Like many Americans, Diane Rehm and her husband, John, hoped to age in place in the home that they loved, the National Public Radio host told those attending Wednesday’s general session at the Argentum Senior Living Executive Conference in Denver.
As John’s Parkinson’s disease progressed, however, they moved from their home of 40 years, where they had hired someone to help John during the day while Rehm worked, to a condominium. And when that living arrangement wasn’t sufficient for his needs, John moved to an assisted living community.
Rehm said she mainly relied on recommendations from friends and friends of friends and toured several communities before choosing Brighton Gardens of Friendship Heights in Chevy Chase, MD, a Sunrise Senior Living community. “After I had gone several times, I took John over and showed him the room,” she said.
Once he agreed to move there, Rehm said, she quickly decorated the apartment for her husband, trying to make it seem like home, but the first few weeks were a “terrible” time of adjustment for him. As his condition worsened and he no longer could perform activities of daily living, John decided that he wanted to die, but the only option available to him was self-starvation and dehydration. Once his began that journey, it took 10 days for him to complete it, Rehm said. They had been married for 54 years.
But Rehm was just beginning a new journey. “I really have become what many have called an advocate for the right to die,” she said. “I call myself an advocate for the right to choose. …I am here urging everyone I can to honor choice at the end of life.” Rehm also encouraged attendees to discuss their end-of-life preferences with loved ones before a crisis occurs.
Rehm’s remarks, presented as an interview with veteran broadcast journalist Ann Compton, were a highlight of Wednesday’s programming at the meeting, which also featured educational sessions and exhibits. Rehm signed the book she wrote about her experiences, “On My Own,” in the exhibit hall before the general session.
Several awards presented
Loren Shook, Argentum board chairman, told session attendees that a record-setting 300 companies had booths in the exhibit hall on Tuesday and Wednesday.
PointClickCare won the Fast and Furious competition, during which 11 companies each had three minutes or less to pitch their best ideas and solutions to senior living challenge. The winner was chosen by audience members attending the event in the exhibit hall.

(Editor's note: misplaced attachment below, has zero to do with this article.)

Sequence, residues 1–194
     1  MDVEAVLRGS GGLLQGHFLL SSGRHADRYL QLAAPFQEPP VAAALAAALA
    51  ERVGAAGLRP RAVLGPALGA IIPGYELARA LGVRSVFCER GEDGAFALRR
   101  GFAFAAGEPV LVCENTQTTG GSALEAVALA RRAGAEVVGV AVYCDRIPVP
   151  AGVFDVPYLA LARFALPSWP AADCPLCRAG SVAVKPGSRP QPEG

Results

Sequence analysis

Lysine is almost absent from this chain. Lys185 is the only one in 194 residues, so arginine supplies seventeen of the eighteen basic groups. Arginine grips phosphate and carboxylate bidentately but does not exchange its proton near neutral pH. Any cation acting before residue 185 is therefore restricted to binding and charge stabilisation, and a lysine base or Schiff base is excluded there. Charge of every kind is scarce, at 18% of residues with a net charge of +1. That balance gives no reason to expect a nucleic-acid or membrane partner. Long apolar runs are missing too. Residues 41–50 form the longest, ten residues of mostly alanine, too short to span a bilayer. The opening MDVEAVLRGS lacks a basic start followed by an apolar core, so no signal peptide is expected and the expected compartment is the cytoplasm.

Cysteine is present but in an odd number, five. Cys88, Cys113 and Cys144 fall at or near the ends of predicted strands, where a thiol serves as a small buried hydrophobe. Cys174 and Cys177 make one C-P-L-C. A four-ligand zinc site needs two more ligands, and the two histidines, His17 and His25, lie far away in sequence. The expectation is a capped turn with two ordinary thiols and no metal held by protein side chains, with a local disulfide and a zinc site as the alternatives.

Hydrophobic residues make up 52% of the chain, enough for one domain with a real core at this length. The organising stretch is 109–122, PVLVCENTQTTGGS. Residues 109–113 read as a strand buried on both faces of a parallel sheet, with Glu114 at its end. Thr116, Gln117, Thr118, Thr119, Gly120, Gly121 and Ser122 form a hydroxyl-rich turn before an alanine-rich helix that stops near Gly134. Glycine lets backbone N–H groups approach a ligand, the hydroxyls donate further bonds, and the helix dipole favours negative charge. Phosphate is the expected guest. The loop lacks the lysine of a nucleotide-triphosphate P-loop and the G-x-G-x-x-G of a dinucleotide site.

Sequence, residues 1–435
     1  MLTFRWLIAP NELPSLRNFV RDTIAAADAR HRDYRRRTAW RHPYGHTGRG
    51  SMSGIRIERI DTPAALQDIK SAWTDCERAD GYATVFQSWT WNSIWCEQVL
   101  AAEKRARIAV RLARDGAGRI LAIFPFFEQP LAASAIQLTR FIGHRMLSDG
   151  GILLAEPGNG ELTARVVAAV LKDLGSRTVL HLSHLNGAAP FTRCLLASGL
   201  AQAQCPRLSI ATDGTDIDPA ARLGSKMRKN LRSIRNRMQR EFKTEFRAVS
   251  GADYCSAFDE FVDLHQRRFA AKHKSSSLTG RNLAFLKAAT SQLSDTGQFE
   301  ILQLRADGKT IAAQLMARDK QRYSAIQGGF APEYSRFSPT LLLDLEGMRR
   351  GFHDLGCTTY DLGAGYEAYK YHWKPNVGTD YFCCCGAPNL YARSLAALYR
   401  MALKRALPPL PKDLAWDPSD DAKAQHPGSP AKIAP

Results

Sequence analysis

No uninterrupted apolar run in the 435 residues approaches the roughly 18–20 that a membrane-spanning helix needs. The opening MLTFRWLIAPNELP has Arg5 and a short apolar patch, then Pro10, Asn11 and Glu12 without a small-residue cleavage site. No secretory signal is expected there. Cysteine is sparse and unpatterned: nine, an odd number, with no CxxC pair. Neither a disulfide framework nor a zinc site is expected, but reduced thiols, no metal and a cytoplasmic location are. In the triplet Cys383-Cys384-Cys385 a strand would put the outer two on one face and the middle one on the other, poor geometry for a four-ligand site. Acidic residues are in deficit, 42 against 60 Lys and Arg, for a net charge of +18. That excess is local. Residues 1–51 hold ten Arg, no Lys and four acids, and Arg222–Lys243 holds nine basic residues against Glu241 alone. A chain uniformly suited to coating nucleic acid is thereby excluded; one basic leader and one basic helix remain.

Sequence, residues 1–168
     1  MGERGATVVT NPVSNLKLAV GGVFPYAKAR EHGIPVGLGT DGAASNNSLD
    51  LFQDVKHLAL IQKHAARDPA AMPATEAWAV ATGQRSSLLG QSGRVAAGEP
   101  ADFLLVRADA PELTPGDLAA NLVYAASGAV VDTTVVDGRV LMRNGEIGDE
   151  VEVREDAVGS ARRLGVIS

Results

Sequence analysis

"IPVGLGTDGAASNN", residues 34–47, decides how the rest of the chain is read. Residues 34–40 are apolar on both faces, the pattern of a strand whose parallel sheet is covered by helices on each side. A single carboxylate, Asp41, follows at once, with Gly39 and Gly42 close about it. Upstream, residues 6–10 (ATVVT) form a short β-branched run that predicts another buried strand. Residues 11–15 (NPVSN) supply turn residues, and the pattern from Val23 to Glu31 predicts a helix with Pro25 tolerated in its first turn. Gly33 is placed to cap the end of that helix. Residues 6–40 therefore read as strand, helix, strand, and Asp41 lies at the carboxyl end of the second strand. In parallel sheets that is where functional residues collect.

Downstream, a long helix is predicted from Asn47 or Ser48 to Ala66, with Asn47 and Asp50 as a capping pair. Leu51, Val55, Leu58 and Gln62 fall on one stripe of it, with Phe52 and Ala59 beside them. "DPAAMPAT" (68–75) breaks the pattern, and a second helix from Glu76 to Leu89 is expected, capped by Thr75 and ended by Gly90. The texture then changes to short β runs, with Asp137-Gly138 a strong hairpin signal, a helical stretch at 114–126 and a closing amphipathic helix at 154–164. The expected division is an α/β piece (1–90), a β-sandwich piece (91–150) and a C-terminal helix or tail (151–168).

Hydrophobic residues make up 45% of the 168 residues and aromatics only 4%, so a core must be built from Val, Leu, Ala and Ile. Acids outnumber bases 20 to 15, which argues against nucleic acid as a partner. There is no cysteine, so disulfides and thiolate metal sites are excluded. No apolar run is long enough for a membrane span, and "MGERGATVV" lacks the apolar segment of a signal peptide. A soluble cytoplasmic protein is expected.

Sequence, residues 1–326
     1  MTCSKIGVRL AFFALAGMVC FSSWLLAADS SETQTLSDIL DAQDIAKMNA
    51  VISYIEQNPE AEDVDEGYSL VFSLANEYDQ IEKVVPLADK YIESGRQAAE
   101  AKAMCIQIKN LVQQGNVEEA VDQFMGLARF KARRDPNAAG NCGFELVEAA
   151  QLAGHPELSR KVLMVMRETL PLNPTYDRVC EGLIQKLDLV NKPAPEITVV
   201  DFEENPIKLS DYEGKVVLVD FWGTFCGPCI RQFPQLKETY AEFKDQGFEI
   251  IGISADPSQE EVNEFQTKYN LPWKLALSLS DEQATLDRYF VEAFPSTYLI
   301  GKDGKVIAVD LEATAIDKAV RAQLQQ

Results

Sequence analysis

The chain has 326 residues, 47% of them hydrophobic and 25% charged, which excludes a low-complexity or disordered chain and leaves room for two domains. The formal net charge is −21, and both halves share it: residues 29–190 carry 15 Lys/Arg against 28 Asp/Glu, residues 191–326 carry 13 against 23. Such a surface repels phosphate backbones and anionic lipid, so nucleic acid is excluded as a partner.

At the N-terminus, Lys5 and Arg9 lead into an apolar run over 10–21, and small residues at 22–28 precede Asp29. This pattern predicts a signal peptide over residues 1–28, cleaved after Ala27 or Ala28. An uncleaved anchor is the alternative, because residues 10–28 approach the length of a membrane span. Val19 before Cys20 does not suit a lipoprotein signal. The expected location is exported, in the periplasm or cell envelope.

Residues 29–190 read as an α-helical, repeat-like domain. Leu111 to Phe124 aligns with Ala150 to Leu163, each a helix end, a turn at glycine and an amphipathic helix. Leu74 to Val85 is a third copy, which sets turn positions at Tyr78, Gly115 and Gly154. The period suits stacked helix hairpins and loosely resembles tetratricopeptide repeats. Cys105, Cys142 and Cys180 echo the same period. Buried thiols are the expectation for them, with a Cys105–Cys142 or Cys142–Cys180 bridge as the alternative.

Also at Wednesday’s general session, Vickie Conner of Greenfield of Woodstock, a Greenfield Senior Living community in Woodstock, VA, received Argentum’s 2016 Senior Living Community Leadership Award.
Presentation of the Argentum’s 2016 Best of the Best Awards, which had begun at Tuesday’s general session, was completed on Wednesday. Over the course of both days, the following companies and programs were honored:
- The Consumer Choice award went to Gardant Management Solutions for its Speaking Out for Supportive Living program. The program provides each of Gardant’s communities with a detailed guide on conducting a multidisciplinary, year-round political advocacy effort for affordable housing in conjunction with Gardant.
- The Quality Care award went to Pathway Senior Living for VIVA! Legacy. Through the program, staff members are trained to cover a variety of topics with residents, from advance care planning to cultural and spiritual guidance to understanding the difference between palliative care and hospice care.
- The Workforce Development award went to Brookdale for its Culinary Arts Institute Roadshow. The training and development program offers one-day events with experts from hotel and culinary schools such as the Culinary Institute of America discussing and demonstrating approaches to home cooking, healthful dining for older adults, Brookdale’s Better and Different philosophy, quality assurance programs and safe food-handling skills.
- The Memory Care award went to Belmont Village Senior Living for its Circle of Friends program. Developed over eight years, the program is designed for assisted living residents who have mild cognitive impairment, mild dementia and moderate dementia. Structured, planned activities for eight hours per day, seven days per week, led by a specially trained staff of enrichment leaders, have enabled residents to live in the least restrictive environment of assisted living possible and to continue to enjoy social life in the dining room.
The meeting concludes on Thursday.